Out of print for more than 30 years, now available for the first time as an eBook, this is the controversial story of John Wooden's first 25 years and first 8 NCAA Championships as UCLA Head Basketball Coach. This is the only book that gives a true picture of the character of John Wooden and the influence of his assistant, Jerry Norman, whose contributions Wooden  ignored and tried to bury.

Compiled with more than 40 hours of interviews with Coach Wooden, learn about the man behind the coach. The players tell their stories in their own words.

Click the book to read the first chapter and for ordering information. Also available on Kindle.

N.B. This article has been updated.

Sports Medley: Ball Hog Russell Westbrook is no MVP

by Tony Medley

Indefatigable Westbrook: When Oklahoma City point guard Russell Westbrook had a triple-double on Thursday, February 26, scoring 39 points, 14 rebounds, and 11 assists, the world of talking heads went berserk. Many said he should be a prime candidate for MVP. Others compared him to Michael Jordan. I said, ďThere goes Westbrook again.Ē What the talking heads failed to mention, probably because they didnít look, was that Westbrook took 38 shotsÖand only made 12! Thatís a woeful shooting percentage of 31.5%. The shooting percentage for the rest of the team was 43% in that game. But his selfishness is made even more glaring if you look further. Westbrook played 42 minutes for his 38 shots. Thatís almost one shot per minute. But it gets worse. In a basketball game each team has possession of the ball approximately half the time. That means that Oklahoma City had possession of the ball for only 21 of Westbrookís 42 minutes of playing time. That translates to approximately one Westbrook shot every 30 seconds. Since thereís a 24 second clock in the NBA, it means that Westbrook took at least one shot every time Oklahoma City had possession, an astonishing statistic.

But, wait, you say. How did he get 11 assists as such a ball hog? To explain one must go back to the 1960s and another ball hog, Cincinnati Royals guard Oscar Robertson. Robertson led the league in assists six times and was always among the leaders in points scored per game, generally finishing second to Wilt Chamberlain. But the reason why Robertson got a lot of assists was that, unlike Magic Johnson, Robertson was always looking for the shot. He would dribble and dribble and dribble despite double and triple team defenses. As the shot clock ran down if he was physically unable to take a shot, he had to pass off. When the player he passed off to made a basket (he would have to shoot because the shot clock was running down to zero), Robertson got an assist. It was almost inevitable that if Robertson didnít take a shot, he would get an assist if they scored because instead of passing the ball around to find a man for the open shot like the Ď70s New York Knicks, the Royals just stood around watching Robertson dribble.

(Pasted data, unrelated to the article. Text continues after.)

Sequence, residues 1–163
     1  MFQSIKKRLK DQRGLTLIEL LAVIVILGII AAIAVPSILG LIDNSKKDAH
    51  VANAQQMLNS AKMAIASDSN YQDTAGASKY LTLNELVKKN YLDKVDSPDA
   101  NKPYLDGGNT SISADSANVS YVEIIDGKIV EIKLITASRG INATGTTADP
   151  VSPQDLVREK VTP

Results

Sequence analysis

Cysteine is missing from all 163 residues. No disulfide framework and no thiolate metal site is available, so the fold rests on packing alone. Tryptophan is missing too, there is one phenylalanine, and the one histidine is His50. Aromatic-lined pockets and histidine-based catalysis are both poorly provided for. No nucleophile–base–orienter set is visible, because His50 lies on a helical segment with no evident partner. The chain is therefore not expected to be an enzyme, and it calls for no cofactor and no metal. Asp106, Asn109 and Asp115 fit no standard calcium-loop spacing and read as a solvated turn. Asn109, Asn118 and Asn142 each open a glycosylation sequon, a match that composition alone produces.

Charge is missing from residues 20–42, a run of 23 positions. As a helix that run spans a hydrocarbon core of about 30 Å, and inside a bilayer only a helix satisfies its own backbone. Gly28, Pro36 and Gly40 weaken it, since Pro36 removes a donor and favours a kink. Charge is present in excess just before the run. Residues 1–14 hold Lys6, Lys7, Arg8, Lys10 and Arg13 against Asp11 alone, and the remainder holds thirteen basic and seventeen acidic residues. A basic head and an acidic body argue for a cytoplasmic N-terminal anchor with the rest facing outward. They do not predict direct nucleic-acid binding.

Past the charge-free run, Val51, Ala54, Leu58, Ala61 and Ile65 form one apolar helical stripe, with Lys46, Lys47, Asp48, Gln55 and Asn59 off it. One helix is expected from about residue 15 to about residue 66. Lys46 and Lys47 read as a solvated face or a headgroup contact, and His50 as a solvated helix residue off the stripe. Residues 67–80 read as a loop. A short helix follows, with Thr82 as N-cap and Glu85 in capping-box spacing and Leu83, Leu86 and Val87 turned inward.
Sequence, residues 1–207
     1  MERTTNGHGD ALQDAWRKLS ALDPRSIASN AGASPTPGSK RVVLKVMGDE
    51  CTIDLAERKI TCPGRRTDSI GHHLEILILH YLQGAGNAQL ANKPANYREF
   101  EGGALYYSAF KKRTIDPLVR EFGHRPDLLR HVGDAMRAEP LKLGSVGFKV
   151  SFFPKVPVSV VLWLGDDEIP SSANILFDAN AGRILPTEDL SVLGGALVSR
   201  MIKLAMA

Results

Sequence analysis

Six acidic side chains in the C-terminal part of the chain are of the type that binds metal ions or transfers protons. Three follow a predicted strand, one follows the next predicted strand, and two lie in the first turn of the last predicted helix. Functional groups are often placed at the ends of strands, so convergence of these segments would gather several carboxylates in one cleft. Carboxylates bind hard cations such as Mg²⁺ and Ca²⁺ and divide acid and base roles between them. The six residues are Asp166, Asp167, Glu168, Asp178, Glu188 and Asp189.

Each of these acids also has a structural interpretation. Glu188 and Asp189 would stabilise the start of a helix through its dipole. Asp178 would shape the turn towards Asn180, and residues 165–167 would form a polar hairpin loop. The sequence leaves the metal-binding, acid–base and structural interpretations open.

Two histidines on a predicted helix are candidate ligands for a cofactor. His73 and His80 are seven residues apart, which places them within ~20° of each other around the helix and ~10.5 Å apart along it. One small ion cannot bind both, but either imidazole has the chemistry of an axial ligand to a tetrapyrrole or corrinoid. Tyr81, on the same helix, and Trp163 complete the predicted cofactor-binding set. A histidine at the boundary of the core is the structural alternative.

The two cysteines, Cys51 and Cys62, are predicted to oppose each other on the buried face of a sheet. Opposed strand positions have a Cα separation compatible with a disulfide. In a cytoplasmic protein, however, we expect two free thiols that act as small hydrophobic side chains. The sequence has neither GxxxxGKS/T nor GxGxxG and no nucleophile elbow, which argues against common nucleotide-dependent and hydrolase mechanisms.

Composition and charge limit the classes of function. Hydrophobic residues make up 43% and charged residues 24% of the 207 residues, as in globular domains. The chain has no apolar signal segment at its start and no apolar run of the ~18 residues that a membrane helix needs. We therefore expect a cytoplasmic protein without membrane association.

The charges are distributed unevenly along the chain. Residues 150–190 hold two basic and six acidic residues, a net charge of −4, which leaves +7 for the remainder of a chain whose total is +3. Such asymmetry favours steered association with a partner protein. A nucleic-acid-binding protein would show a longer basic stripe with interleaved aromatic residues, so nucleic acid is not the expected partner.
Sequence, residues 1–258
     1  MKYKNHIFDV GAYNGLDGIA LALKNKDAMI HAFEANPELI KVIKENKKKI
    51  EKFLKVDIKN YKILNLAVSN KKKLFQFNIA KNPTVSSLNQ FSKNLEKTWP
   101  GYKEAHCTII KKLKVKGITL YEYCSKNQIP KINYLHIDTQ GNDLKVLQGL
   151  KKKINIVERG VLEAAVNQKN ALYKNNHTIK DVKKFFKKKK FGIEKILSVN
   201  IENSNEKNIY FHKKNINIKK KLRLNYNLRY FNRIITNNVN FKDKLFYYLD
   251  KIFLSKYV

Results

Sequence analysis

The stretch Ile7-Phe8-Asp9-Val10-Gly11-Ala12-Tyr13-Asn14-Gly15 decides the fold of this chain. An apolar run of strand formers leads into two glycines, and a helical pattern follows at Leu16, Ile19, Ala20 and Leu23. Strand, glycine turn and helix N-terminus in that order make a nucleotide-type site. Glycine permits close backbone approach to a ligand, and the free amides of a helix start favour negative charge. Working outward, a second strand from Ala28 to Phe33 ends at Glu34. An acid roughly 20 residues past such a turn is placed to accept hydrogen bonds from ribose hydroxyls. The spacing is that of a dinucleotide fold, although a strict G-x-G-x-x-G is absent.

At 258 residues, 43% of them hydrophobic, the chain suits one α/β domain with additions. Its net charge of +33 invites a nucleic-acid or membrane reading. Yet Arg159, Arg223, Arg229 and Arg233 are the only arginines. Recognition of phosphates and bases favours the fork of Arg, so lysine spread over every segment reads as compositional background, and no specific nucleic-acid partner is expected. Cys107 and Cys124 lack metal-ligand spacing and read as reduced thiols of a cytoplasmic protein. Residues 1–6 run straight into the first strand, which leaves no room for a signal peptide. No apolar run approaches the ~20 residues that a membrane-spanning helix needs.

Thatís the same way with Westbrook. Heís always looking for a shot and always dribbling all over the court. If he canít get a shot off, heís almost certain to get an assist if Oklahoma City scores because the player to whom he passes will have to shoot quickly to beat the clock.

The second thing that the talking heads donít mention when nominating Westbrook as a potential MVP is that Oklahoma City lost the game! The next night Westbrook had a similar performance. He scored 40 points while taking 32 shots. But, again, Oklahoma City lost the game. Although his shooting percentage was a little better, 43.75%, thatís still below the league average of roughly 45%, and the rest of the team shot at a 50% rate in that game. So if Westbrook had taken fewer shots and passed off occasionally to let his better-shooting teammates take more shots in both games, itís arguable that Oklahoma City would have scored more points and won. This is an MVP? How valuable is a player who hogs the ball, takes a lot of shots, and scores a lot of points if his team loses?

The test for a basketball player is whether or not he makes the players around him better. Boston Celtics center Bill Russell did and was the biggest winner in basketball history. Russellís main opponent, Wilt Chamberlain (who constantly led the league in scoring), didnít make those around him better, and he was on only one championship team until he played under coach Bill Sharman with the Lakers and they won the title with Wilt passing and rebounding instead of shooting all the time. Michael Jordan did make those around him better and the Bulls won title after title. Russell Westbrook clearly does not make those around him better. Heís no MVP, regardless of what some isolated numbers might indicate.